In the first book of Peter, believed by scholars to have likely been indirectly written by Peter himself (directly written by Silvanus), he writes to Christians that are scattered abroad and persecuted throughout Asia Minor. He urges them to be holy in all their conduct – for God is holy. Despite the trials they were going through, the believers were to remain focused on Christ and His coming return.
The word “holy” means set apart or different from that which is common or ordinary. To be holy is to be consecrated, sanctified, and dedicated to God.
In 1 Peter 1:13-16, the author urges believers to “gird up the loins of their mind,” be self-controlled and set their hope fully on the grace that will be brought to them at the revelation of Jesus Christ. He goes on to say that they should be obedient children, not conforming to their former lusts, or desires, as they did previously in their ignorance.
In this article we will be adapting our chapter summary method of Bible study.
How would you caption the book?
Peter writes a letter to the Christians of Asia Minor, urging them to pursue holiness despite their suffering and reminding them that they are chosen by God with a future of hope in His Son.
What are the contents? Provide an Outline.
From the outset of the book, we are told that we have a living hope through the resurrection of Jesus, that while we may be grieved by trials, genuine faith is more precious than gold. Although we cannot see Him, we rejoice with joy and at the end of our faith, we will be rewarded with the salvation of our souls.
Christians must remember that we are not redeemed with corruptible things, but from the “precious blood of Christ.” For he was a lamb without blemish and manifested in these last times for us. We must cast aside ungodly living and live a life committed to honoring God.
The first chapter of Peter also tells them to “be holy, for I am holy.” A direct quote from Leviticus 11:44-45, where God is commanding the Israelites to reflect holiness because he is holy.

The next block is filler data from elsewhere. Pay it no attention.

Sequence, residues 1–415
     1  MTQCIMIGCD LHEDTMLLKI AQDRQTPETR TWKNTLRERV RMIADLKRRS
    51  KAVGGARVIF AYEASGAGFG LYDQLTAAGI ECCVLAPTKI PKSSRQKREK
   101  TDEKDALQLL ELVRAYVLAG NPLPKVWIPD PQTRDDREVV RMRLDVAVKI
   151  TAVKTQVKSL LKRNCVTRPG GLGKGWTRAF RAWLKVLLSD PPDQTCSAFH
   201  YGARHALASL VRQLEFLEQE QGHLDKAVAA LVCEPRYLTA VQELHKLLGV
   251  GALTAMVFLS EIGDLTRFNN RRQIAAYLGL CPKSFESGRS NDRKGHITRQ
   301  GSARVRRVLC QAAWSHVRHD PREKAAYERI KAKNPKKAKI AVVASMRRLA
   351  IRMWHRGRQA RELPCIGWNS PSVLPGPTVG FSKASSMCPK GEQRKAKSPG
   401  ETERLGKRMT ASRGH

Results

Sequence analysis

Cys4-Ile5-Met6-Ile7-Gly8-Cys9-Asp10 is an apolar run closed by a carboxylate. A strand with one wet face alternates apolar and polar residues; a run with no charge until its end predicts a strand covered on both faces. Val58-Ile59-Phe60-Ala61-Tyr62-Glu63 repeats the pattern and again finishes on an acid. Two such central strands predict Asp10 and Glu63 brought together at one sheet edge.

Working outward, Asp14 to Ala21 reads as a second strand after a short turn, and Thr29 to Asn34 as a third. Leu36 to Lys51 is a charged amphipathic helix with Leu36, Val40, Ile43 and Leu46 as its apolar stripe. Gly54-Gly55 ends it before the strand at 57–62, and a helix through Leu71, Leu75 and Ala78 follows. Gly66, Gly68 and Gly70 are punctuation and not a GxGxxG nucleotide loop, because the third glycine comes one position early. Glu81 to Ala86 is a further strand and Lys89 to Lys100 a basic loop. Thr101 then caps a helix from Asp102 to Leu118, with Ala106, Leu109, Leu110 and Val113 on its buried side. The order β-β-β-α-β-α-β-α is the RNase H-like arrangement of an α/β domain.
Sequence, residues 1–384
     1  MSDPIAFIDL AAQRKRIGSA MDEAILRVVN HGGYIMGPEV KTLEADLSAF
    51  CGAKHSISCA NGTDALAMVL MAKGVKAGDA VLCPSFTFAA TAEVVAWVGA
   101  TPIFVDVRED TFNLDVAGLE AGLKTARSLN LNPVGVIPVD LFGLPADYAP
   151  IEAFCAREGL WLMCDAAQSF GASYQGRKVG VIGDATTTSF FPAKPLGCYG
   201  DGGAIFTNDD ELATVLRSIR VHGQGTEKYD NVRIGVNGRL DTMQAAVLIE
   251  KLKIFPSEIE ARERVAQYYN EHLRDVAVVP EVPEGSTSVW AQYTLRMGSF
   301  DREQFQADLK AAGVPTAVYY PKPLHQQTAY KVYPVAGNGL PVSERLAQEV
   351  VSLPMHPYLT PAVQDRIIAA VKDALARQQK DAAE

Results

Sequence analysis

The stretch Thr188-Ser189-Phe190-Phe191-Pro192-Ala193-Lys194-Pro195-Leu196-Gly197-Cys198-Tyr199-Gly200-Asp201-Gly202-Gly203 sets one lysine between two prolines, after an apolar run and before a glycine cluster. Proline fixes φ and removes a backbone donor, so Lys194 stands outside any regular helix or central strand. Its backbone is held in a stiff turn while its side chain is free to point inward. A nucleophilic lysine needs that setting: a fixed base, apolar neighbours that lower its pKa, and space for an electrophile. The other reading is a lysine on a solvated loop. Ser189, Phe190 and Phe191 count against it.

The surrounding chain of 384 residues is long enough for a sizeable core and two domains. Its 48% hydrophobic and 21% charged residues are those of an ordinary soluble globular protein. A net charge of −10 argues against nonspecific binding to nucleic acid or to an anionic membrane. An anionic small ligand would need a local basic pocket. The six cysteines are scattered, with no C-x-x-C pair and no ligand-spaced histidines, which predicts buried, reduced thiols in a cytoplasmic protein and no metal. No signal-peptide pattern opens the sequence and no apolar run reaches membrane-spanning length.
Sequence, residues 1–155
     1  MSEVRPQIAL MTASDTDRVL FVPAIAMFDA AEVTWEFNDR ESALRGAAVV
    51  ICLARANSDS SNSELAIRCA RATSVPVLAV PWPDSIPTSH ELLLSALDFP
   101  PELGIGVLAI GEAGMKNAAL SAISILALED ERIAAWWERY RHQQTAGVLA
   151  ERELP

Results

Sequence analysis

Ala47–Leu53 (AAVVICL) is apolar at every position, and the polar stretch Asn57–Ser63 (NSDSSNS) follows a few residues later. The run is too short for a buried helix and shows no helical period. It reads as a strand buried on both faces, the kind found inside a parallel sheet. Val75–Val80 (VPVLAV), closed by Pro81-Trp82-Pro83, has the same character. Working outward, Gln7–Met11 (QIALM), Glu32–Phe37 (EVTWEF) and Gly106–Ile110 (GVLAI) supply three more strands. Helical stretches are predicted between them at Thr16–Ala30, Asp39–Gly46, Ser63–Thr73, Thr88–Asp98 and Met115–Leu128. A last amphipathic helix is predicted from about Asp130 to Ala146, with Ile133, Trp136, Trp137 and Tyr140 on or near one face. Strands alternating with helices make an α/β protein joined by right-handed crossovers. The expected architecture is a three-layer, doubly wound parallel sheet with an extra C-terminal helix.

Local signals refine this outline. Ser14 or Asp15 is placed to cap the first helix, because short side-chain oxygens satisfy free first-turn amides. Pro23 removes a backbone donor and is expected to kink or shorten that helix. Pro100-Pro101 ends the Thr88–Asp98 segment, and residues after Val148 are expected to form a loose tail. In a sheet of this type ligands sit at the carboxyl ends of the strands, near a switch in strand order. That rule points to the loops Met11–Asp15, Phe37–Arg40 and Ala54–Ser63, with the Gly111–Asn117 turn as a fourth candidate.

In the second chapter, Peter reminds the Christians to remain steadfast in their faith despite the persecution they were facing, and that they are a special, chosen, generation.
Peter applies this command to the Christian existence, saying that we are to “proclaim the praises” of God who has brought us out of darkness into His marvelous light. Christians are to live in such a way that others will see our good deeds and give glory to God.
This call to holiness is not a call to live in absolute sinlessness, but it is a call to live lives that are distinct from the world around us. We are to be different because we have been called by God to be his people.
As the chapter comes to a close, Peter writes that the Christians must be submissive to their masters, not just the ones that are good and gentle, but also to the harshest masters. The Lord expects us to live a holy life and follow the examples of Jesus, for it is commendable to the Father when we do good yet still suffer and “take it patiently” the same way Jesus did.
Chapter 3 reflects on the family dynamics of Christians. Peter encourages wives to be submissive to their husbands and to set an example through their actions so that “even if some do not obey the word, they, without a word, may be won by the conduct of their wives”. Husbands on the other hand should give honor to their wives and “as being heirs together of the grace of life, that your prayers may not be hindered.”
To Christians as a whole:
The chapter closes with a reminder that, through the death and resurrection of Jesus Christ, we are saved by way of baptism “(not the removal of the filth of the flesh, but the answer of a good conscience toward God).”
In the fourth chapter, we are reminded that we will be judged accordingly, that we must move beyond our past lifetime in “doing the will of the Gentiles” such as walking in lewdness, lust, drunkenness, revelries, drinking parties, and abominable idolatries.
Most importantly, we must not be ashamed to suffer as Christians, and should instead use the opportunity to glorify God.
Above all things, we should have fervent love for each other, for “love will cover a multitude of sins.”
As the first book of Peter comes to a close, he looks to encourage and strengthen the bonds of these Christians dispersed throughout Asia Minor.
He initially turns to the elders among them, encouraging them to shepherd their flock appropriately. And emphasizes their reward:
For the younger generations amongst them, they should submit themselves to their elders. They shall find humility in their submissiveness and be humbled under the mighty hand of God.
Lastly, to all of those that follow the Father; be sober, and be vigilant:
Key Takeaways on 1 Peter
- 1 Peter urges persecuted believers to find hope in Christ and live holy lives set apart for God’s purposes.
- Christians are called to obey God’s Word, reject worldly lusts, and reflect His holy nature in all conduct.
- Jesus set the example by suffering righteously. His followers must be willing to patiently endure mistreatment.
- Marriage relationships should exemplify respect and humility. Wives and husbands have distinct roles in honoring each other.
- Elders are to shepherd God’s people eagerly and lead by example. Younger believers should submit to their authority.
- During trials, Christians can rejoice because suffering draws them nearer to Christ. His grace will restore them.